Caisse Seeks to Build C$5.5 Billion Montreal Rail Networkby
Pension manager to invest C$3 billion in 67-kilometer line
Project depends on contributions from Quebec and Canada
Caisse de Depot et Placement du Quebec, Canada’s second-largest public pension-fund manager, plans to seek permission to build an automated light-rail network in the Montreal area that would require investments of about C$5.5 billion ($4.3 billion).
Reseau Electrique Metropolitain, as the 67-kilometer (42-mile) rail line will be called, would link downtown Montreal with western, northern and southern suburbs and the city’s Trudeau International Airport, according to a statement released Friday. It would represent the biggest mass-transit project in Quebec since Montreal’s subway system opened in 1966.
The decision to proceed will depend on the financial participation of the governments of Quebec and Canada, the Caisse said. The fund manager is willing to contribute C$3 billion, leaving C$2.5 billion for governmental contribution.
“We believe there is a commercial return available here that will be of interest to our depositors,” Caisse Chief Executive Officer Michael Sabia said Friday at a press conference in Montreal. The fund manager probably will finance its share of the investment with a mixture of debt and equity, he said, adding that it’s too early to provide specifics on expected returns or the eventual capital structure.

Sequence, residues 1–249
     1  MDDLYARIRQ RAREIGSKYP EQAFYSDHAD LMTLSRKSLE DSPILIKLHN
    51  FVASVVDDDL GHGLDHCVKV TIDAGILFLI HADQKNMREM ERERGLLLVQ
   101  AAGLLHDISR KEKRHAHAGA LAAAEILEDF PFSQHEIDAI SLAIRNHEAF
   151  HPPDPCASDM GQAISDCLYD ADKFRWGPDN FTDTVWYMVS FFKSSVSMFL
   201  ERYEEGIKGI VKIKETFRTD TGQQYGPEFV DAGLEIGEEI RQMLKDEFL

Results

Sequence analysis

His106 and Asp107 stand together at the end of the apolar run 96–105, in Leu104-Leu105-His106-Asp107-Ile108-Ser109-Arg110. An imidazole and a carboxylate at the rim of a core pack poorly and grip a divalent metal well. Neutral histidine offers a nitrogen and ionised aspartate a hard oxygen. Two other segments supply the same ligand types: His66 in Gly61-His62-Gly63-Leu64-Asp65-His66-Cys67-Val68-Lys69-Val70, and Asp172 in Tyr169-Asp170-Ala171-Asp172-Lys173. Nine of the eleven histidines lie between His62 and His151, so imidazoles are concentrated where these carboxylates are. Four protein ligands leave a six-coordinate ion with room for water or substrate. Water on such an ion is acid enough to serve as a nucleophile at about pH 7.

“We are taking the traffic risk here,” Sabia said. “This is unusual because generally, it’s governments that take that risk.”
The proposed network would merge and expand two lines that Quebec Premier Philippe Couillard had identified as priorities when he appointed the Caisse last year to plan, finance and manage new infrastructure projects in the province. The fund manager had initially expected the rail project to cost C$5 billion.
Construction will probably begin in the spring of next year, with service beginning at the end of 2020. Discussions with affected groups and citizens will be held over the next few weeks, with environmental hearings to follow.
Once completed, the 24-station rail network would be the third-largest automated transportation system in the world, after Dubai and Vancouver, the Caisse said. The network would operate 20 hours a day, seven days a week.
About C$5 billion in private real-estate developments could be generated along the chosen route, Caisse de Depot Executive Vice President Christian Dube said in the statement.